Tag Archives: Practical feng shui

Perspective: blind men “see” the pachyderm

Perspective: n.  point of view; subjective evaluation of relative significance; frame of reference.

Pachyderm: n. elephant. from the Greek pakhudermos – thick-skinned. Also the symbol for the GOP.

In various versions of this ancient parable from India, a group of blind men (or men in the dark) touch an elephant to learn what it is like. Each one touches a different part, but only one part, such as the side, the tail, the leg, the tusk. They then compare notes on what they felt, and learn they are in complete disagreement. We understand then that reality may be viewed differently depending upon one’s perspective, and that what seems an absolute truth may only be partially true.

[I’ve written about this story and the word “perspective” before – four years ago as we were getting to know Sarah Palin…]

One of my feng shui clients is a mediator who often deals with warring families. She had one large blank wall in her office for which I had recommended some piece of art that gave her clients a sense of the work they were doing together – perhaps something implying peaceful solutions, the light at the end of the tunnel, problem solving…

Her brilliant idea was to commission a piece of art that illustrated the story of the blind men and the elephant, visually conveying how it’s possible to “see” a problem from one (limited) point of view, and also recognize that other points of view could be equally legitimate.  She found a skillful quilter, Rosie Rhine, who translated the story to fabric:

quiltstory

The story of the blind men and the elephant is extremely flexible. A few months ago New Yorker cartoonist Tom Cheney used it to depict the sorry state of our economy, perhaps from the points of view of different economists, political players or suffering citizens:

perspective

Advertisements

Pimping my practice (of feng shui)

In late May I wrote an article about feng shui for the local newspaper which they liked so much they asked if I’d write one a month for their home & garden section.  This was great news because that first piece drove a really big turnout for my class at a home furnishings boutique in town.  I was hoping it would generate demand for folks to come to my class at Clark College later this year, lead readers to my website, which in turn would lead to more paying clients.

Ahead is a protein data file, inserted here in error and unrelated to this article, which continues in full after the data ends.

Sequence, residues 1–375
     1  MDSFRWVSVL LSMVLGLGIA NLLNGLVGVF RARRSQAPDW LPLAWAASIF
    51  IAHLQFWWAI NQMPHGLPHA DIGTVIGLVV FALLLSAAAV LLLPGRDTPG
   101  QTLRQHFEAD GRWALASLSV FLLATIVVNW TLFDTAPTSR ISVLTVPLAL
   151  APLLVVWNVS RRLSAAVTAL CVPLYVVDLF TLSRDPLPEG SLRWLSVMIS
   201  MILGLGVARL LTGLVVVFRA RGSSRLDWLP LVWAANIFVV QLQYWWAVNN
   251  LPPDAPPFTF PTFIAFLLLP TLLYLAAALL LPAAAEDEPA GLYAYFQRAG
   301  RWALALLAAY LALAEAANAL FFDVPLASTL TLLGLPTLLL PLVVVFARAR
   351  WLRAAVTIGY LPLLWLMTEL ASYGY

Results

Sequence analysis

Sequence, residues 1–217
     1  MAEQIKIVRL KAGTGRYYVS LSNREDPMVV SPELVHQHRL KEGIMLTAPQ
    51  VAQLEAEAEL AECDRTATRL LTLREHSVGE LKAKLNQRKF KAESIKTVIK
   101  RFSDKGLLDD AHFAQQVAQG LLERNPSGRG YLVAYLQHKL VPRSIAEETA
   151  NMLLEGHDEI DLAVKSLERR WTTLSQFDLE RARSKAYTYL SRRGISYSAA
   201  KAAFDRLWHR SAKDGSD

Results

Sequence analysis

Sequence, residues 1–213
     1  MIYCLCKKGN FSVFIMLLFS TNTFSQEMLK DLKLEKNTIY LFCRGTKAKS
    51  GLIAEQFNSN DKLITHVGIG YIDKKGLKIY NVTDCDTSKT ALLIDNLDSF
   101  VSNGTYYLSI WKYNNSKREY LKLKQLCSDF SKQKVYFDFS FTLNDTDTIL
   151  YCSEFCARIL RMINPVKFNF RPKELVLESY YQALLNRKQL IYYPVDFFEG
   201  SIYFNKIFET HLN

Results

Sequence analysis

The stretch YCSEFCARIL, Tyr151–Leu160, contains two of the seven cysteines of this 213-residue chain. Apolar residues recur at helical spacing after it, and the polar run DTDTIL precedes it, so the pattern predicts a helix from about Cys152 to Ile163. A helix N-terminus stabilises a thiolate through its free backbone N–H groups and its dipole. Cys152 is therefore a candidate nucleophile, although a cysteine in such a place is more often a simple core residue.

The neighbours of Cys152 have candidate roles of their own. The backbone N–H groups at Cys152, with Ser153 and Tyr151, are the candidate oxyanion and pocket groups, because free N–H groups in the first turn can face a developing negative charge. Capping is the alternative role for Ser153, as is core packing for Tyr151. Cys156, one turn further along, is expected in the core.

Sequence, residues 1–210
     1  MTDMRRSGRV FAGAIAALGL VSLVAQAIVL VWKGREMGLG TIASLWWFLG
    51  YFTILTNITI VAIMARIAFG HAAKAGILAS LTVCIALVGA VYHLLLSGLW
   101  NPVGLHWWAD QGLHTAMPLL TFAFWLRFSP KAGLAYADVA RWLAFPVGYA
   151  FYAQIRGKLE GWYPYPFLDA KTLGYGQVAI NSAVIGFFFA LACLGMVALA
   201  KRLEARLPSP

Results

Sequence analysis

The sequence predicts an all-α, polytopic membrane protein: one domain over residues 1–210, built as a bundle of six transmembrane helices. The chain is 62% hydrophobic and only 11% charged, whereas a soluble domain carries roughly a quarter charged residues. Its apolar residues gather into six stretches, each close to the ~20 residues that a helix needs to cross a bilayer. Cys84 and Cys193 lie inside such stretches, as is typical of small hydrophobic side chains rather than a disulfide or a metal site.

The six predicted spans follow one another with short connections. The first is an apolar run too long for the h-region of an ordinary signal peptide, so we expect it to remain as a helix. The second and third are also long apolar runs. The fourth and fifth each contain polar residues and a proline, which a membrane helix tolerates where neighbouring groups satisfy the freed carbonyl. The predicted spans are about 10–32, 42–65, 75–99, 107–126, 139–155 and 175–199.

Easy come, easy go.

Just after I submitted my article for July, I get an email from the section editor telling me they’ve made another round of cuts at the paper – staff and content both – and the home & garden section has been greatly reduced and absorbed as a part of the features department under a different editor in the newsroom.

I have a call into her as I write, trying to convince her that feng shui is the perfect discipline for times of economic hardship, because most fixes cost little or nothing.  We’ll see.

Purchasing Paroxsyms

Purchase: (need I tell you it means buy buy buy, the American pastime?)

Paroxsym: a fit, attack, or sudden increase or recurrence of symptoms

I need… No, I WANT to purchase a projector. I have a list of semi-rational reasons for “needing” this electronic gadget, only one of which would bring in any money.

  • $$ I think I could usefully put it into service to promote my feng shui consulting services and to give classes. It would take four consultations to pay for itself.
  • I could use it to show travel pictures – a couple of groups have asked for that.
  • I could use it at Toastmasters for more professional presentations.
  • I could use it for family gatherings to show family pix and movies.
  • I could project DVDs if I wanted to watch with other people. Although home theater and gaming are what most folks use their projectors for, I play no games and watch few movies (and almost no TV), so this is not a selling point for me.

I discussed the proposed projector purchase with my daughter a couple of days ago.

“Mom,” she said, “that’s a dumb idea.”

Tonight I called my son-in-law for brand advice because he uses projectors often in his consulting work. “Well,” he said, “I just use whatever projector my client has. It’s just another thing to haul around; what would you do with one?”

I accused him of conferring with my daughter, but he pleaded innocent.

Nevertheless I went online to see what was out there.

Oy vay. There are about a million projectors ranging from $500 to $3500, with features that seem hard to distinguish. Even in the under $1000 range there are dozens to compare.

My eyeballs are totally spinning.

P.S. I thought of the best reason yet to buy a projector.To support President Bush’s Economic Stimulus plan!!! He wouldn’t want me to SAVE my refund, would he?